Results

HMG-CoAR is associated with tamoxifen response in vitro

The specificity of the anti HMG-CoAR antibody was confirmed in a previous study [13]. The anti-HMG-CoAR antibody recognized a single distinct band at ~90 kDa in MCF7 cells. HMG-CoAR protein expression was significantly decreased in the tamoxifen-resistant derivative LCC9 cell line (Figure 1a). HMG-CoAR mRNA expression was also decreased in the LCC9 cells compared with their MCF7 derivatives (Figure 1b). Immunohistochemistry performed on the same cell lines confirmed these results (Figure 1c). Finally treatment of the cell lines with tamoxifen demonstrated anti-estrogen resistance in the LCC9 cells compared with their MCF7 derivatives (Figure 1d).

thumbnailFigure 1. HMG-CoAR expression is associated with tamoxifen response in vitro. (a) Western blot demonstrating increased expression of 3-hydroxy-3-methylglutharyl-coenzyme A reductase (HMG-CoAR) in tamoxifen-sensitive MCF7 cells compared with their tamoxifen-resistant derivatives LCC9. (b) Quantitative reverse transcriptase PCR demonstrating increased expression of HMG-CoAR mRNA in MCF7 cells compared with LCC9 cells. (c) Immunohistochemistry demonstrating increased HMG-CoAR protein expression in MCF7 cells compared with LCC9 cells. (d) MTT assay demonstrating improved tamoxifen response in MCF7 cells compared with LCC9 cells.

HMG-CoAR mRNA expression is associated with a prolonged recurrence-free survival in tamoxifen-treated breast cancer patients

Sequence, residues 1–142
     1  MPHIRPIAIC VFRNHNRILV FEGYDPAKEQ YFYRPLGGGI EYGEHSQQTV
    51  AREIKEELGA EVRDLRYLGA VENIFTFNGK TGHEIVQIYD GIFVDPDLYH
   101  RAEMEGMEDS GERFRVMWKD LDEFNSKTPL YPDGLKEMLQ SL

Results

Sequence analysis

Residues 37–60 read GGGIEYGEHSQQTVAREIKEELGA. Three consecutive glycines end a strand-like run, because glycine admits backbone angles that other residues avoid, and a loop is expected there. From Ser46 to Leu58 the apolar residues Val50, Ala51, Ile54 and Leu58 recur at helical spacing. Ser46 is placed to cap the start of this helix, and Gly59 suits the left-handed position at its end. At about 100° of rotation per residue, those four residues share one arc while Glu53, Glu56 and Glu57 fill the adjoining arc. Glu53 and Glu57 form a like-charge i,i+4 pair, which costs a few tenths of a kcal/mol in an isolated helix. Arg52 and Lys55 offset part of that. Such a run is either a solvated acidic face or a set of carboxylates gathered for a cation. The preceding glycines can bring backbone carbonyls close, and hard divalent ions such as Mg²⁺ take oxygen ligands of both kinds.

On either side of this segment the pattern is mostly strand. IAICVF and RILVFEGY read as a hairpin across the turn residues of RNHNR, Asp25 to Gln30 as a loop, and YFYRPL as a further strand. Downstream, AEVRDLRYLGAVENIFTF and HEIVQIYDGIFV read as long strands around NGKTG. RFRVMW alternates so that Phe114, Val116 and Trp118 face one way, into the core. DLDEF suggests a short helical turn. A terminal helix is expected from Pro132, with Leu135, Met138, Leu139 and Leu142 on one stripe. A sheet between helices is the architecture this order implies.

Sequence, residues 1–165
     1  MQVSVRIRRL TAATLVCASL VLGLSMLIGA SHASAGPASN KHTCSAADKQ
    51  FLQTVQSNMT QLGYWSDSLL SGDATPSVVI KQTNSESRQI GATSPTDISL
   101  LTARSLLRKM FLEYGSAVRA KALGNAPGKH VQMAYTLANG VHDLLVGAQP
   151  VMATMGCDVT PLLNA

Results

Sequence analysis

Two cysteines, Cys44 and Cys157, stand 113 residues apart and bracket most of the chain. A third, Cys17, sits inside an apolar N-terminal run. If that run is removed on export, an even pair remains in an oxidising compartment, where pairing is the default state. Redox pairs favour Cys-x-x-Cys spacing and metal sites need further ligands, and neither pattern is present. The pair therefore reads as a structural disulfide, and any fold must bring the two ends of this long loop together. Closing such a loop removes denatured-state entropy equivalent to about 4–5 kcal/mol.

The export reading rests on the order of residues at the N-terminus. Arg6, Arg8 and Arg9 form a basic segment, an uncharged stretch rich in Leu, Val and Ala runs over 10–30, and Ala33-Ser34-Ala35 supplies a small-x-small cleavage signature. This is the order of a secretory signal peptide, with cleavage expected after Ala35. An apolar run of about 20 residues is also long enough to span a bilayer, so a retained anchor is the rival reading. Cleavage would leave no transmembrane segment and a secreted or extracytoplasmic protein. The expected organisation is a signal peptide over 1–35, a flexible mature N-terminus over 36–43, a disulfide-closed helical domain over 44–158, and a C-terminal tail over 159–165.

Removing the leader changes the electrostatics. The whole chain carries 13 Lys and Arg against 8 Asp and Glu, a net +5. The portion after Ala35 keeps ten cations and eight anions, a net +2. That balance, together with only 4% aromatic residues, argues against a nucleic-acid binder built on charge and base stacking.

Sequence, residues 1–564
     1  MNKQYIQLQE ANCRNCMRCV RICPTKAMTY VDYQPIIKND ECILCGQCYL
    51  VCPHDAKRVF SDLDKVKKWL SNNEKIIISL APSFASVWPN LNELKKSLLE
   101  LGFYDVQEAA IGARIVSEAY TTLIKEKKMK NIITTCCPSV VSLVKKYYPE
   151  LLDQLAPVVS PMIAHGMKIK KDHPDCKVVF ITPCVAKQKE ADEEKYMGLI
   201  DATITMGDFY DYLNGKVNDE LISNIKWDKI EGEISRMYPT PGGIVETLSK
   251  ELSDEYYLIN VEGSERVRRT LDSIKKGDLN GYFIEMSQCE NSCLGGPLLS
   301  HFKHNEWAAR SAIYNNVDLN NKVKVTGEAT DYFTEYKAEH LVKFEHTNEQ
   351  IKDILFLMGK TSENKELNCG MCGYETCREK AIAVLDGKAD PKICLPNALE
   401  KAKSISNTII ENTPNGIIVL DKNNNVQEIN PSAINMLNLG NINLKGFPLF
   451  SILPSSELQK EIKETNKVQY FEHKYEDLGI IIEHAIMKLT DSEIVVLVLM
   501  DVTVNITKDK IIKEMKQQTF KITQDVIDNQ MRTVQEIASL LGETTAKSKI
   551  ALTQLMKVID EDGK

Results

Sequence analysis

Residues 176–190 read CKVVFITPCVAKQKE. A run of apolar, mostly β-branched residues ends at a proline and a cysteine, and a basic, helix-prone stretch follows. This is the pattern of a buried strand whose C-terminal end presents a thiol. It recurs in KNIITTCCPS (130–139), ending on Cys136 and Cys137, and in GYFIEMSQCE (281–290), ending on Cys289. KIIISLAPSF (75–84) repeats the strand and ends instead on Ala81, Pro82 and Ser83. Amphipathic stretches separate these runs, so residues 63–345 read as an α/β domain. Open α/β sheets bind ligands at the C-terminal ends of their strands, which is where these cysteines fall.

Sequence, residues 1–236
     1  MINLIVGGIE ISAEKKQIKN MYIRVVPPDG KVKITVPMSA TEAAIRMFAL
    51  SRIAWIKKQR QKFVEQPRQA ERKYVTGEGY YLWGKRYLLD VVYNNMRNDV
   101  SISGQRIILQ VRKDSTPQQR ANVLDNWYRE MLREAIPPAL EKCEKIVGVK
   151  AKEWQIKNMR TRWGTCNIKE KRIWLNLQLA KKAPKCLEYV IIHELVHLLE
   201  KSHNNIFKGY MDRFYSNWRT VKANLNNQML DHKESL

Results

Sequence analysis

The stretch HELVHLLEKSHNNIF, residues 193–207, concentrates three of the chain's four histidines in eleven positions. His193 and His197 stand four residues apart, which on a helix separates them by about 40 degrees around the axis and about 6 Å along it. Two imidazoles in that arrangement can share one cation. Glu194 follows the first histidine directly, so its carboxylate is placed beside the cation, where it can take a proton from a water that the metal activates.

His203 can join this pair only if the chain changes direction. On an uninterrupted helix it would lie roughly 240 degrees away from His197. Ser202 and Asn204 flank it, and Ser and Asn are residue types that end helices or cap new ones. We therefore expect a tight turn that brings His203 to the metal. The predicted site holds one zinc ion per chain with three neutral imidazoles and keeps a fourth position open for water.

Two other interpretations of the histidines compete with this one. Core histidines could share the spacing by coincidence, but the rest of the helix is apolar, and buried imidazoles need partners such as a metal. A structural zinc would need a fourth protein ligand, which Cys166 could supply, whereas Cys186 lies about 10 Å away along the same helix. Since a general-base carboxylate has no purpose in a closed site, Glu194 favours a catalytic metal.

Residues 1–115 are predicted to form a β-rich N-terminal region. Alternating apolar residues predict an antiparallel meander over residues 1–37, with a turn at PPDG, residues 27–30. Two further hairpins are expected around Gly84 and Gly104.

The relationship between HMG-CoAR mRNA expression and tamoxifen response was examined in Cohort I. Chanrion and colleagues' dataset consists of patients treated with 5 years of adjuvant tamoxifen and contains both premenopausal and postmenopausal patients [18]. HMG-CoAR mRNA levels were higher in patients who remained disease-free following tamoxifen treatment compared with those who developed recurrences (Figure 2a). Using a threshold of mean expression, Kaplan-Meier analysis demonstrated that increased HMG-CoAR mRNA expression was associated with a prolonged RFS (P = 0.018) (Figure 2b).

thumbnailFigure 2. HMG-CoAR mRNA expression is associated with increased recurrence-free survival in tamoxifen-treated breast cancer patients. (a) Mean 3-hydroxy-3-methylglutharyl-coenzyme A reductase (HMG-CoAR) mRNA levels were significantly higher in patients who remained disease-free after tamoxifen treatment. *P < 0.001. (b) Kaplan-Meier using estimates of recurrence-free survival according to HMG-CoAR mRNA expression using mean HMG-CoAR expression as a threshold.